It’s that time of the year where everything is just dandy for every NFL team. “He’s in the best shape of his life! The quarterback already has an amazing repertoire with his receivers! The defense is looking fantastic in training camp!”
The positivity is good to have. After all, if a team is heading into the season knowing it will be a bust, odds are, it will be. Of course, pretending the team is set to utterly dominate might be considered wearing the rose-colored glasses.
With their additions, the Eagles certainly looked primed for a stellar season. But at the same time, these are the Eagles we’re talking about. The same Eagles that took their “dream team” and turned it into an 8-8 season.
So, let’s put on our imagination caps and think of just how the team could utterly disappoint all expectations come September, and what the odds of the pessimistic occurrences happening could be.
Despite Weapons, Jalen Hurts Dive-bombs Into Mediocrity
The roads to the team’s success this season all run through the most important position in sports. That means Jalen Hurts has a lot riding on him. He needs to make improvements over last season, especially even more so now that he has additional weapons at his disposal and is healthy from his nagging ankle injury that turned his game one dimensional.
Hurts also needs to prove he can win big games (the Eagles went 1-7 against teams that finished with .500 records in 2021). Essentially, this is the make-or-break season for him. Unfortunately for Hurts, our scenario sees him bombing.
The doomsday scenario: Hurts continues to underwhelm with his arm strength and completition percentage, once again falling somewhere around his 28th-ranked completition percentage (60.6%) and 26th-ranked QBR (84.7) from last season.
He makes the occasional big play, but the overall lack of progression proves to be an incredibly frustrating occurrence, given that DeVonta Smith and A.J. Brown are able to regularly separate from receivers. The offense finds itself regularly stagnant, especially as the rushing game fails to repeats its status as an anchor from 2021.
Hurts also fails to show up in big games, especially against NFC and NFC East opponents. In those games, two interceptions are typical, and even with his legs, momentum seems to be far and few in between. While he can handle lesser opponents, that doesn’t end up mattering in the end as the Eagles miss the playoffs.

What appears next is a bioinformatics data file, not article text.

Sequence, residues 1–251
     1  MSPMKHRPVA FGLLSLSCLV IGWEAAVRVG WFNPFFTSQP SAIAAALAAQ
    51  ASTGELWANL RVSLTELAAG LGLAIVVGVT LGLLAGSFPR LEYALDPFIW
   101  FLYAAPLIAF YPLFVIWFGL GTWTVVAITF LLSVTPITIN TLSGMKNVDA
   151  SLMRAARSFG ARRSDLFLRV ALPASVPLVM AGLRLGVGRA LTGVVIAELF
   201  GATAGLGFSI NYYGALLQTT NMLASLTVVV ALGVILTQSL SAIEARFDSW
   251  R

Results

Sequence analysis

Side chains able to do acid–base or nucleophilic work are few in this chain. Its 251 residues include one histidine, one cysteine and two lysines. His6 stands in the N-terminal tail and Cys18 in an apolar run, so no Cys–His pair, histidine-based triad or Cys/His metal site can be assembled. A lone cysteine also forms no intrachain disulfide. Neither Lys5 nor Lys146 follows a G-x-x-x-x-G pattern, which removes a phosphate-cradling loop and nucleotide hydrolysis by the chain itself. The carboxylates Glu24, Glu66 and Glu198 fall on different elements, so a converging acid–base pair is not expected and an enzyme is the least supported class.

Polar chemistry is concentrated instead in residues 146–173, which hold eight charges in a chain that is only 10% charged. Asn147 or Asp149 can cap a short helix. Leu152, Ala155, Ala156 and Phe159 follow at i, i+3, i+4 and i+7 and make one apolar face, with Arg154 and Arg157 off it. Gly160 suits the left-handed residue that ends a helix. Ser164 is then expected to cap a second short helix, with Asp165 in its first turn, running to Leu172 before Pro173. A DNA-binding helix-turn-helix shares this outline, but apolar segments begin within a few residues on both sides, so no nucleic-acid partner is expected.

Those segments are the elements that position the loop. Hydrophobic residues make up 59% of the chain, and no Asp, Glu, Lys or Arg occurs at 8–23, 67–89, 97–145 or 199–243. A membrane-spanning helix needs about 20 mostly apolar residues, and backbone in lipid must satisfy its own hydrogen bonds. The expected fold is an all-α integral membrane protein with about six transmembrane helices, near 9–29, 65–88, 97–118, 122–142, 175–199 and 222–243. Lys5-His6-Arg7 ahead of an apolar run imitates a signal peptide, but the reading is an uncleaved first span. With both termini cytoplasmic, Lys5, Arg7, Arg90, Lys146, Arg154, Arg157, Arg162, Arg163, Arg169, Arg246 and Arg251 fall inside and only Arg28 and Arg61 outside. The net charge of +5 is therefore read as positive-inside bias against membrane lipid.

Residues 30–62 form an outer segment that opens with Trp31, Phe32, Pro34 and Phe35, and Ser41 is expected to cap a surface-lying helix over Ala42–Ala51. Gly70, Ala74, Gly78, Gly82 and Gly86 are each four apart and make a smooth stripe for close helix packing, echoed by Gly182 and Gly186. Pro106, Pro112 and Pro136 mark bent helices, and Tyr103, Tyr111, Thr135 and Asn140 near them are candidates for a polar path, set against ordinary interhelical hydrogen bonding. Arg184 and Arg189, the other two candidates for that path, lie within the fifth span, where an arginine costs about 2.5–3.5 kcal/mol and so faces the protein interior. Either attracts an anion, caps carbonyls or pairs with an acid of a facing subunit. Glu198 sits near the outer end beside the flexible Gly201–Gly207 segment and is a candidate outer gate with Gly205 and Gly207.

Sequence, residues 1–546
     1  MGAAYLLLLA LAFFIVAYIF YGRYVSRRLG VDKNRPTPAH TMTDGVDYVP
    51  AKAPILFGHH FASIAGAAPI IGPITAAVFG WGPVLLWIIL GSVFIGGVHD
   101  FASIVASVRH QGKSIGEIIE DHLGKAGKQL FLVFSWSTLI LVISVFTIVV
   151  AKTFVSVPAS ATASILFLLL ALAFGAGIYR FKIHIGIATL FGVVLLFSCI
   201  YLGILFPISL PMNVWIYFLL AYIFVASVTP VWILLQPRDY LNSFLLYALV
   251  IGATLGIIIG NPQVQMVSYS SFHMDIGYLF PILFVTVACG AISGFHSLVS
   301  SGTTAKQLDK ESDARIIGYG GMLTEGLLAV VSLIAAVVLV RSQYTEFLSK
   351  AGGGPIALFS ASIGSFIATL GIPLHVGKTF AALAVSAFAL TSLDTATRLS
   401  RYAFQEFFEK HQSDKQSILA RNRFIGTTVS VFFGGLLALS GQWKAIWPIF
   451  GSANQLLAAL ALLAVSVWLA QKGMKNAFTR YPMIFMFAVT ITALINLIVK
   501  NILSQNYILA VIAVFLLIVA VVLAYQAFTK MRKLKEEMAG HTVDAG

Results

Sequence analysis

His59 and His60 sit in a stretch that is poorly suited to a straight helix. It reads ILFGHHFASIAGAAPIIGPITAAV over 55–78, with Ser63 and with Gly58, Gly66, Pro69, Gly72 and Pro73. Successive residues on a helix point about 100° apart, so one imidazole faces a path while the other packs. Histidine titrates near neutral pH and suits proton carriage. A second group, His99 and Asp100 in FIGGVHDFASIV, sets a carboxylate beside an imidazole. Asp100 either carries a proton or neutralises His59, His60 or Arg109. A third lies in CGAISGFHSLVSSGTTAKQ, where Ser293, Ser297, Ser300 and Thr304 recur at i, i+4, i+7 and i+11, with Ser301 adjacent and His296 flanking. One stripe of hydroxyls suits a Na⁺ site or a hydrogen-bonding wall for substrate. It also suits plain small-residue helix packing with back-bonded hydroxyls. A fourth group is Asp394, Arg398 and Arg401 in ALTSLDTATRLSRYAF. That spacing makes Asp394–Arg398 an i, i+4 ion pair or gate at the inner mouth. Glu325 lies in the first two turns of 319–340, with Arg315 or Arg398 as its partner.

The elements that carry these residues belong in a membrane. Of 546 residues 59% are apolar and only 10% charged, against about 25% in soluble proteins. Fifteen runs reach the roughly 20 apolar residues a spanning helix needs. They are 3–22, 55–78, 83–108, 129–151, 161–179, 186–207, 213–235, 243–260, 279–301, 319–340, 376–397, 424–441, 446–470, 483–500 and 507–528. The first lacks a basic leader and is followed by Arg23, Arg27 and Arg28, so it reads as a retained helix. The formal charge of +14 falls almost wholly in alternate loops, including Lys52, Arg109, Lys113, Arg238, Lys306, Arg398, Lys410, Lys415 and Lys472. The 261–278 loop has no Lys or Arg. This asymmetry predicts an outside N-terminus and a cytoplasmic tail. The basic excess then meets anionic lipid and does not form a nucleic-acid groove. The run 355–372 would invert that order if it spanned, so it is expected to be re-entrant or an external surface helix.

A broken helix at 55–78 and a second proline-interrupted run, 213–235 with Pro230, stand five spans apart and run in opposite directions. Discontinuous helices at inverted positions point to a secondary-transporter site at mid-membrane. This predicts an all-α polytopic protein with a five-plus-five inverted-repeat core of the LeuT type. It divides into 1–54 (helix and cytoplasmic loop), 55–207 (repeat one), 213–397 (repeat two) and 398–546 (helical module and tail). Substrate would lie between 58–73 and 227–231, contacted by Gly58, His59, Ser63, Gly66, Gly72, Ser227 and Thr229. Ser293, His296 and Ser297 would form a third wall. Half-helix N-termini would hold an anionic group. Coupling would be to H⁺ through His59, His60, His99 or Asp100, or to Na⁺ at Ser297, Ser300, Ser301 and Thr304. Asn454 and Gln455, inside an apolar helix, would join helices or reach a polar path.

Following the season, Hurts is traded, while the Eagles select a QB with one of their first-round picks in a loaded 2023 draft.
Likelihood of this happening: Low. I think it would be a huge surprise if Hurts didn’t make some improvements to his passing game, and the amount of new talent at receiver will help to minimize his floor.
Now, while I think Hurts’ odds of not improving at all are low, I feel like the odds of the Eagles moving on at QB after this season could be a little bit higher.
Howie Roseman loves to wheel and deal, and if he feels there’s a player that would provide more value than Hurts, he would think long and hard about a possible changeup. So it remains to be seen just how well Hurts will have to perform and progress to assure the Eagles he’s their franchise guy.
The Defense Struggles Under Newfound Pressure
With Hassan Reddick, Nakobe Dean, James Bradberry, Jordan Davis, and Kyzir White in tow, there’s a lot to love about the new look defense. It’s finally got depth at linebacker, a formidable starting corner duo, and enough talent up front to help keep the pressure on. So, does it add up to a top-five D?
The doomsday scenario: The Eagles struggle to get pressure and sacks up front. Derek Barnett and Fletcher Cox were key figures during the Super Bowl run, but are now clearly on the decline with penalties and mediocre play. It’s obvious the Eagles made a mistake bringing them back.
Josh Sweat is unable to replicate his solid Pro-Bowl season last year. Meanwhile, though Davis is able to get attention, his inability to sack the quarterback — something present throughout his college career — leaves fans frustrated and ranting.
Darius Slay is able to put on another solid season, but the secondary struggles, particularly safeties. Bradberry doesn’t live up to expectations, allowing a similar stat line to his play last season (729 passing yards, eight touchdowns, 61.2% completion percentage).